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Subject: Re: [boost] [gsoc 2013] draft proposal for chrono::date
From: Anders Dalvander (boost_at_[hidden])
Date: 2013-05-05 07:41:34

On 2013-05-05 01:33, Vicente J. Botet Escriba wrote:
> Le 04/05/13 23:09, Howard Hinnant a écrit :
>> On May 4, 2013, at 4:15 PM, "Vicente J. Botet Escriba"
>> <vicente.botet_at_[hidden]> wrote:
>>> class date;
>>> date today();
>> In what timezone?
I thought that `chrono::date` was an abstract representation of a date,
and not at all connected to a timezone. And that in order to convert to
and from a `chrono::system_clock` or any other clock an explicit
timezone would be needed.
>> What is the internal representation?
> I'm not talking here of a concrete date class yet, but much more of an
> archetype of Date concept. We could see the if it is better to make
> concrete classes that provide less as not efficient.
Exactly, we should discuss the Date concept, and not focus on the
concrete *classes*.
>>> explicit date(system_clock::time_point);
>>> operator system_clock::time_point() const;
>> Do the above two assume the UTC timezone?
> Copy/paste from your original proposal.
> explicit date(chrono::system_clock::time_point tp);
> /Effects:/ |tp| is converted to UTC, and then trucated to 00:00:00
> hours. A |date |is created which reflects this point in time.
> /Throws:/ If the conversion from |tp| overflows the range of |date|,
> throws an exception of type |bad_date|.
> explicit operator chrono::system_clock::time_point () const;
> /Returns:/ A |chrono::system_clock::time_point| which represents the
> date referred to by |*this| at 00:00:00 UTC.
> /Throws:/ If the conversion to |tp| overflows the range of
> |chrono::system_clock::time_point|, throws an exception of type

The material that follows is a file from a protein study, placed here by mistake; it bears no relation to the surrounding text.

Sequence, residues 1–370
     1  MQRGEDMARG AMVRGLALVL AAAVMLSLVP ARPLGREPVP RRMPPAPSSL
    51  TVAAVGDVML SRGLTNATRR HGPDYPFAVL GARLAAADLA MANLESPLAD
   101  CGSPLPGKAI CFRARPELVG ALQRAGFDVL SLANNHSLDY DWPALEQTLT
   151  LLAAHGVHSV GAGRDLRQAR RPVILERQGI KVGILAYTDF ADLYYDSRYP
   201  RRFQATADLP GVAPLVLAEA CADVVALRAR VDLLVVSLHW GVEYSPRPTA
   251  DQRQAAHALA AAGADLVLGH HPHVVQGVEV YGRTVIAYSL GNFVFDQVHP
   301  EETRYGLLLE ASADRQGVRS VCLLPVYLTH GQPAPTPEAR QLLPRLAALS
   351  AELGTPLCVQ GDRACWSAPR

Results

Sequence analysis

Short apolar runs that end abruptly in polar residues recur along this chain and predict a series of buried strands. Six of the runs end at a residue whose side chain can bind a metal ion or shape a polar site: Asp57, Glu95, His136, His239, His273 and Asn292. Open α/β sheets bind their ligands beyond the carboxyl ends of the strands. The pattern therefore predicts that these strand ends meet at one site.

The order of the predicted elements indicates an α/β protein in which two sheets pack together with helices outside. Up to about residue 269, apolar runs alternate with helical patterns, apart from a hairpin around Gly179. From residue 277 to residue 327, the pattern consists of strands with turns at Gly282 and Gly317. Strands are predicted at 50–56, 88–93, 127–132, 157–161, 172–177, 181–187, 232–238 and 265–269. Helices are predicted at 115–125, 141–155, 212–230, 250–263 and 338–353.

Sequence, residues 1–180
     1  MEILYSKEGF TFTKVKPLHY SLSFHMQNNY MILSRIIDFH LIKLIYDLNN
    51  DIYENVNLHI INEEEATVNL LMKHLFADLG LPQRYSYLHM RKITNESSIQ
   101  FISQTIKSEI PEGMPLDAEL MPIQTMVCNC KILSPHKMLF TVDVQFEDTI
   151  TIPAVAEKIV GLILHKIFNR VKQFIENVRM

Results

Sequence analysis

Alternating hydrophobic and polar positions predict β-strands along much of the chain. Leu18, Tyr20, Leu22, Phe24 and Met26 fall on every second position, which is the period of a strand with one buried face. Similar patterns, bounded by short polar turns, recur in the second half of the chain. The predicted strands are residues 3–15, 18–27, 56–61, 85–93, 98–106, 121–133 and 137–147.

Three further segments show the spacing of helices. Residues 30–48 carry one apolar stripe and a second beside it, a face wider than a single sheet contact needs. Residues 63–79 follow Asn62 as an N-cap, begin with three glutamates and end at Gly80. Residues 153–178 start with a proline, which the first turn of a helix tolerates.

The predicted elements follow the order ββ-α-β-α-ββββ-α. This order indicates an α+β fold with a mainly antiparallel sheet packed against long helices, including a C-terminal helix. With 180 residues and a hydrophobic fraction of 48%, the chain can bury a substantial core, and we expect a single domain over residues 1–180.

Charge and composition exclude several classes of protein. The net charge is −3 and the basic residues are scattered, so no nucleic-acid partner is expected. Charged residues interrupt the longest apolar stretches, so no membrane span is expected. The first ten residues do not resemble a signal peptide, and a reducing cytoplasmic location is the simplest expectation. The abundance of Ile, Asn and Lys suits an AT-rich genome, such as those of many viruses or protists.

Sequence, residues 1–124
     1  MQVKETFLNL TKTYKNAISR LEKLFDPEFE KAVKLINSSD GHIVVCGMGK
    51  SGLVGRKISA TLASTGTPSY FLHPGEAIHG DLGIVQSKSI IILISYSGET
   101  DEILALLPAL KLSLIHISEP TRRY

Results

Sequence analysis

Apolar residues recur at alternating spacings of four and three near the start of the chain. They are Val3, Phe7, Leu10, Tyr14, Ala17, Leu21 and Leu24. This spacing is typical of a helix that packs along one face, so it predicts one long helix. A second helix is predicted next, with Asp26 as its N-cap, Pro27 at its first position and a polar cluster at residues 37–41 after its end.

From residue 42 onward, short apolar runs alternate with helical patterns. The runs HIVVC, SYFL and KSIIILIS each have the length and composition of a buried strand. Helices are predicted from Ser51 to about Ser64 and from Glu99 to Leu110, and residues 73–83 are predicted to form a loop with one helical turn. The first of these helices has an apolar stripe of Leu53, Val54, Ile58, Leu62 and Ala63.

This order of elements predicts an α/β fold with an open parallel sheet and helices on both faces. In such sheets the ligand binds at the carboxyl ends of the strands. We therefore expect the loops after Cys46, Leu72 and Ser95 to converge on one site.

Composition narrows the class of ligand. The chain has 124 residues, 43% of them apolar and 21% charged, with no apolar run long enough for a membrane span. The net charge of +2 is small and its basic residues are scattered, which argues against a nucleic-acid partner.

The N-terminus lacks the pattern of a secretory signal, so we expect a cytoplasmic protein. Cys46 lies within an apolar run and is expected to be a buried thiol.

> |bad_date|.
Same here, the date May 5th 2013 represent the time range [2013-05-05
00:00, 2013-05-05 24:00), but that time range is different for different
people around the world. It would be, in my humble opinion, better to
keep `chrono::date` abstract, without any connection to a timezone.

Same with `chrono::time` (or whatever it would be called), it could be
the time 12:34:56, but that cannot be represented as an instant in time
(i.e. `chrono::time_point`). Neither can the combined `chrono::date` and
`chrono::time`, it is still without any connection to a timezone.
Perhaps it's better to explain myself with code:

chrono::date d = year(2013) / may / day(5);
chrono::time t = hours(12) + minutes(34) + seconds(56);
chrono::date_time dt(d, t);
// Here `dt` should be the representation of May 5th 2013 at 12:34:56,
but that in turn occurred at different instants for different people
around the world.
// In order to convert it to a `system_time` a timezone would be needed:
chono::system_time st = dt.in_timezone(chrono::timezones::utc); // or
perhaps `dt.in_utc()` for short.

I believe this is one of the few ways to resolve the many ambiguities of
dates and times once and for all.

Below is a rant, but first a disclaimer: I like the Boost.DateTime
library very much, it has helped me greatly.
The Boost.DateTime library has some flaws, one of them is the ambiguity
of the `boost::date_time::ptime` class regarding timezones. It can
represent time in different timezones, and you never know which. It can
be local or UTC, or whatever. It's easy to use it incorrectly, it even
have two factory functions (`second_clock::universal_time` and
`second_clock::local_time`) which both create a `ptime`, but in
different timezones, and after it has been created you can never know
which. It can easily be resolved, as described above, and the compiler
will tell you if you try to do something wrong.
Not even the old C `time_t` had this issue, you are always explicit when
converting it to local time (`localtime`) or UTC time (`gmtime`), but
here the `tm` struct was used for both.

Let's not make the same mistakes once again with `chrono::date`.

Best regards,
Anders Dalvander

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